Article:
STAFF PICKS

What We’re Reading

Teaching Tolerance loves to read! Check out a few of our favorite books for diverse readers and educators.

Cover of Todos Iguales: Un Corrido de Lemon Grove/All Equal: A Ballad of Lemon Grove.

In 1930, 12-year-old Roberto Álvarez was attending Lemon Grove School, where he and other Mexican American kids learned alongside their Anglo-American classmates. When his community discovered the school board’s plan to segregate Mexican American students into a far inferior “barn” school, they fought back, choosing Roberto as the plaintiff for their groundbreaking case. Christy Hale’s Todos Iguales: Un Corrido de Lemon Grove/All Equal: A Ballad of Lemon Grove tells the true story of the first successful school desegregation case through vibrant illustrations, sheet music for a bilingual ballad, and supplementary photographs and quotes.

Elementary School

A great example of the power of community action, and young students get to see children leading in the fight for their right to education.

— Matilda Morrison, Teaching Tolerance Advisory Board Member
Cover of My Footprints.

Feeling angry and lonely after being teased by bullies, Thuy walks home alone in the snow, making her footprints look like those of animals. When she gets home, Thuy and her two mothers imagine creatures who always have courage—just like Thuy. Written by Bao Phi and illustrated by Basia Tran, My Footprints is, for young learners, a good look at self-discovery and finding your courage and confidence.

Elementary School

A sweet and inclusive story about imagination, finding power from within, and drawing strength and courage from family and cultural heritage.

— Lindsey Shelton, Teaching Tolerance Marketing Coordinator
Cover of Dark Sky Rising: Reconstruction and the Dawn of Jim Crow.

United States history lessons often move quickly from the Civil War to the civil rights movement. But there is a fascinating history sandwiched between those two watershed moments. In Dark Sky Rising: Reconstruction and the Dawn of Jim Crow, Henry Louis Gates Jr. teamed with Tonya Bolden to flesh out the unfinished business of this period for young readers. In their exploration, they detail how freed Black people had agency in helping decide policies to ensure their full citizenship, which was later dismantled through discriminatory laws and violence.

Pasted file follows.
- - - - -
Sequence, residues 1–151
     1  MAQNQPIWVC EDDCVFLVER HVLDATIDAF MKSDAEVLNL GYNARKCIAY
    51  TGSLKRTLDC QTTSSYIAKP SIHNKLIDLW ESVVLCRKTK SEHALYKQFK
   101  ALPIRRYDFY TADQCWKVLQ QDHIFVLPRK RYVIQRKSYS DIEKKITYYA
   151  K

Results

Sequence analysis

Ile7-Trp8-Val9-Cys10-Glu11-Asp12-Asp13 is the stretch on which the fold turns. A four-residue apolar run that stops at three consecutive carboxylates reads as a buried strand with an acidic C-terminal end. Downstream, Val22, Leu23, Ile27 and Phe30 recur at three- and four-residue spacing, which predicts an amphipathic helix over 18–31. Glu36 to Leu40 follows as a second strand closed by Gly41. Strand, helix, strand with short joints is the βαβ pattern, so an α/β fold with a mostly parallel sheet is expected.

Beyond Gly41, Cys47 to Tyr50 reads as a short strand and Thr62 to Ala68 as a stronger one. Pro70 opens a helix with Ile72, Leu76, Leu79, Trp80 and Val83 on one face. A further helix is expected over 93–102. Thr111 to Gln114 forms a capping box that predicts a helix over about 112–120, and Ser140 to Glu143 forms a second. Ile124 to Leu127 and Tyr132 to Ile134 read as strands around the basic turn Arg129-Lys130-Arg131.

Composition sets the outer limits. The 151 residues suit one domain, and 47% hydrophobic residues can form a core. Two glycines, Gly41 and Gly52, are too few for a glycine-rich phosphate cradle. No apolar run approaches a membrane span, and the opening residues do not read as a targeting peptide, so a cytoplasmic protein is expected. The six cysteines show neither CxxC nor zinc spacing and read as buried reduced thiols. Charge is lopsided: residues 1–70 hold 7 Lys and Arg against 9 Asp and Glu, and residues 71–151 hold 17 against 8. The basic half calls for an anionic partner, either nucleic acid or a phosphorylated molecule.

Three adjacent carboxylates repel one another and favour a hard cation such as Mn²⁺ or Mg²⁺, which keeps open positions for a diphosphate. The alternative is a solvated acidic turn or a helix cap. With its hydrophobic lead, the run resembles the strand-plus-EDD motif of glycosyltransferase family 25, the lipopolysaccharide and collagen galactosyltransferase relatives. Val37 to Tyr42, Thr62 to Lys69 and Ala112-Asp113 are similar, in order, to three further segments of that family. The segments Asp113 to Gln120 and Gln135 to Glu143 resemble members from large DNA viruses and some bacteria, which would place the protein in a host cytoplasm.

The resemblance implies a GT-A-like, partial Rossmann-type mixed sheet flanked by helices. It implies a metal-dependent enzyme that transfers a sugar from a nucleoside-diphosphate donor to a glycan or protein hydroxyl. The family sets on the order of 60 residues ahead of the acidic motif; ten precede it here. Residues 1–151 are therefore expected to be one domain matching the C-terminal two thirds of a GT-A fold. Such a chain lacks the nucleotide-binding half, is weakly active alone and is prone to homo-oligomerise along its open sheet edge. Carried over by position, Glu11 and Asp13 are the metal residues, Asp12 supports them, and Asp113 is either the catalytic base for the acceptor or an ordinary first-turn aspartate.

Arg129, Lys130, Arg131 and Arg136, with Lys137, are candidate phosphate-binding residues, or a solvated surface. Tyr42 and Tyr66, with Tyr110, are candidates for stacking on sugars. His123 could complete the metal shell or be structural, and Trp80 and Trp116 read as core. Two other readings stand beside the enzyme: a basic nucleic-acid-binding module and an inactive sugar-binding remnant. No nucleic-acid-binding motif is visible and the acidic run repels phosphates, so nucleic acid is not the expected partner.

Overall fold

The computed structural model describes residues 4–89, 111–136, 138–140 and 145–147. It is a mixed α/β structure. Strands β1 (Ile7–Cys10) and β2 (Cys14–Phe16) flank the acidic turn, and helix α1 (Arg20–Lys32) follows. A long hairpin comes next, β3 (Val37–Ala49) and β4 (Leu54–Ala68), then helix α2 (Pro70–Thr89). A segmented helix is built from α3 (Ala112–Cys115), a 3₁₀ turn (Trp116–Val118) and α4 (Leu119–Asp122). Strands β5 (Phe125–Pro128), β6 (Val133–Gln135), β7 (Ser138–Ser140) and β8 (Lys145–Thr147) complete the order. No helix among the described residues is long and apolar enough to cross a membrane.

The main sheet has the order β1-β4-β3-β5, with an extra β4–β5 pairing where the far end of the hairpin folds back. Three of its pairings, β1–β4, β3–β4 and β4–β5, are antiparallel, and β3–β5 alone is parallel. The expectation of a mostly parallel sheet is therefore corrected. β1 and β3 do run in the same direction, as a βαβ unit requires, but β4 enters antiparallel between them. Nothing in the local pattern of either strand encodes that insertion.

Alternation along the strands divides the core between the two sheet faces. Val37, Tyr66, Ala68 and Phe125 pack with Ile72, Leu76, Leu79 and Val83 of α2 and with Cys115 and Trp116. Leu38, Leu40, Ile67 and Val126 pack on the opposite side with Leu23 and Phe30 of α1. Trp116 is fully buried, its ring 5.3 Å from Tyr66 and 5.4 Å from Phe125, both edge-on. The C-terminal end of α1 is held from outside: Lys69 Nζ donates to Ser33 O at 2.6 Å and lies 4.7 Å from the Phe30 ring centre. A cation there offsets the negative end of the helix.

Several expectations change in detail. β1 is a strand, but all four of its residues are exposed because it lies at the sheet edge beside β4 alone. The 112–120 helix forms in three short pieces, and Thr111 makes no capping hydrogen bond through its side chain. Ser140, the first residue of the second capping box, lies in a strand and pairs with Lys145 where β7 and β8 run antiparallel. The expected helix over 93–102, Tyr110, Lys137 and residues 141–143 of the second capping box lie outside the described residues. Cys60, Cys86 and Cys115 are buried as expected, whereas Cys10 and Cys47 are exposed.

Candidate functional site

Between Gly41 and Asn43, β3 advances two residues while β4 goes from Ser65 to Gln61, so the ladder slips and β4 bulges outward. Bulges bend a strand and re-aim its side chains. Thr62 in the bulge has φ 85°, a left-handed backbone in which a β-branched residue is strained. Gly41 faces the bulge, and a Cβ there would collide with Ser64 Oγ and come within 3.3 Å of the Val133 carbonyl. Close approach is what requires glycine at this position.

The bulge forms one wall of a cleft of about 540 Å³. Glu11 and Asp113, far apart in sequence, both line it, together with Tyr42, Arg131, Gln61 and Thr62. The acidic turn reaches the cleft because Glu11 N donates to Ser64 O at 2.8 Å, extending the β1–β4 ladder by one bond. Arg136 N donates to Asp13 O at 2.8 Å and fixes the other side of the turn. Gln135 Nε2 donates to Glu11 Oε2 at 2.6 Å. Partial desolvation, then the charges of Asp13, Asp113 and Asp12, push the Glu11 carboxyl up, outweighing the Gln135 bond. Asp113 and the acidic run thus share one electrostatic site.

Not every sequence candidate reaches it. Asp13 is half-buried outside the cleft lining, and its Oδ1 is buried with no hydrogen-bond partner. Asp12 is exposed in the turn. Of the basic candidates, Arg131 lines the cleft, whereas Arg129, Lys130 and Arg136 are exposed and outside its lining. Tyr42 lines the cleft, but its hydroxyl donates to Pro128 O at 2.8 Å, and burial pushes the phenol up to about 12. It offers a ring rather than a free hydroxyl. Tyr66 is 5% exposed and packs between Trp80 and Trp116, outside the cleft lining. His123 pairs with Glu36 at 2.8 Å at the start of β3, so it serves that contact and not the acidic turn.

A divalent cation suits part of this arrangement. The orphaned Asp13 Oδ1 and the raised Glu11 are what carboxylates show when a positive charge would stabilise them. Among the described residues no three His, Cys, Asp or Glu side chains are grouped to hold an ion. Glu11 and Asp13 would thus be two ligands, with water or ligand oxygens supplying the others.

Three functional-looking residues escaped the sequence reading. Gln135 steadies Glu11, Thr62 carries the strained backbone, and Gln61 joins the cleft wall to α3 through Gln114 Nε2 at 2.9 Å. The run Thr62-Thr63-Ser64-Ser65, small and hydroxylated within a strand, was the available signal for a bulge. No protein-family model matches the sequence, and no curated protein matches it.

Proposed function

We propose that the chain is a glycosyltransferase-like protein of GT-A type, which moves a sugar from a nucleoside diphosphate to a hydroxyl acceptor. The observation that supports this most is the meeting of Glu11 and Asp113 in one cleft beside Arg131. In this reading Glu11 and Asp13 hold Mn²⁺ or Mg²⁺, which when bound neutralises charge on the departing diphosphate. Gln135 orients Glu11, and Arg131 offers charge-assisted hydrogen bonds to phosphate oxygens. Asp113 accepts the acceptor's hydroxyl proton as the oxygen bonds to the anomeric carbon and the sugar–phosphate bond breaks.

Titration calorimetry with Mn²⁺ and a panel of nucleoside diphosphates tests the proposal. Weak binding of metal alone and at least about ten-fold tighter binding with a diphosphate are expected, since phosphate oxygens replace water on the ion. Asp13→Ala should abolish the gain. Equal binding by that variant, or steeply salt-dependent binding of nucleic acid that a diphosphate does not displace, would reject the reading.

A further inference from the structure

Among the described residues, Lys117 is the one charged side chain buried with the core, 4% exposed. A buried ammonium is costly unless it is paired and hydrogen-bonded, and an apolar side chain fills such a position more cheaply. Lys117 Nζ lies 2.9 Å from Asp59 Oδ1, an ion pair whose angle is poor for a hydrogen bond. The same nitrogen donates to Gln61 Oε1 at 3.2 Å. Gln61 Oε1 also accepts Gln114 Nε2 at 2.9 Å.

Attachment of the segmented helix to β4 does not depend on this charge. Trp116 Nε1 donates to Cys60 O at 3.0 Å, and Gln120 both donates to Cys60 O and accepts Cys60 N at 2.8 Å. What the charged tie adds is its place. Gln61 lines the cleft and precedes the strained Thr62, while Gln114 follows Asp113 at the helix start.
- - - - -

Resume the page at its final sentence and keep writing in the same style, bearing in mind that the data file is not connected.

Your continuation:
Middle School

This book can help students contextualize how U.S. policy has framed and supported white supremacy—and acknowledge our rights’ fragility.

— Coshandra Dillard, Teaching Tolerance Staff Writer
Cover of This Book Is Anti-Racist.

This Book Is Anti-Racist, by Tiffany Jewell and illustrated by Aurélia Durand, is a much-needed guide for young people to understand and challenge the oppressive systems and interpersonal behavior that underpin our society. Filled with personal anecdotes and invaluable wisdom, this book provides space for young people to question dominant narratives about identity, race and racism and reflect on the intersections of their own identities. Throughout, Jewell embraces complexities inherent in discussions about racism, and she gives readers the necessary tools to be part of the diverse coalitions that will dismantle it.

Middle and High School

An individual commitment to anti-racist work begins with a catalyst—this book is poised to be that for so many youth.

— Christina Noyes, Teaching Tolerance Fellow
Cover of Welcome to the New World.